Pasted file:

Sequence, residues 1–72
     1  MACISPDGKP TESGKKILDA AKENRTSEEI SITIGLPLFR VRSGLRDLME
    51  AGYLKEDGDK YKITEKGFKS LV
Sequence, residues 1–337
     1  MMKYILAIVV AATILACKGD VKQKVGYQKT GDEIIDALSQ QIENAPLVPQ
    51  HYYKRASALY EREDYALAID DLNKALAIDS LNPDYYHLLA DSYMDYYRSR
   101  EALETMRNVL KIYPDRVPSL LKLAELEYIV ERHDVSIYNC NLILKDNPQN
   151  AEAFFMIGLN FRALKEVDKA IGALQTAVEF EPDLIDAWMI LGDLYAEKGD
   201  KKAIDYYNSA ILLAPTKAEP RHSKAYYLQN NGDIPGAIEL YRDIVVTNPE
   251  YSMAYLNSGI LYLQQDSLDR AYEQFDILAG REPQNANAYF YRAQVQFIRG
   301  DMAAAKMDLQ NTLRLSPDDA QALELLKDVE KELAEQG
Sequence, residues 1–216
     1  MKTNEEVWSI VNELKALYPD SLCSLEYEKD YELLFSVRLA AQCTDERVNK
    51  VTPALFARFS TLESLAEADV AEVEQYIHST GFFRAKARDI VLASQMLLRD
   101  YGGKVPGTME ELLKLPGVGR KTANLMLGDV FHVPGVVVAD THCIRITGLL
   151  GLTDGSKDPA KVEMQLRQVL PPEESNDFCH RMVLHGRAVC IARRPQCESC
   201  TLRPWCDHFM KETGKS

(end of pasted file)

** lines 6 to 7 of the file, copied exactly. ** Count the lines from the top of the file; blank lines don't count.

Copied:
    51  HYYKRASALY EREDYALAID DLNKALAIDS LNPDYYHLLA DSYMDYYRSR
   101  EALETMRNVL KIYPDRVPSL LKLAELEYIV ERHDVSIYNC NLILKDNPQN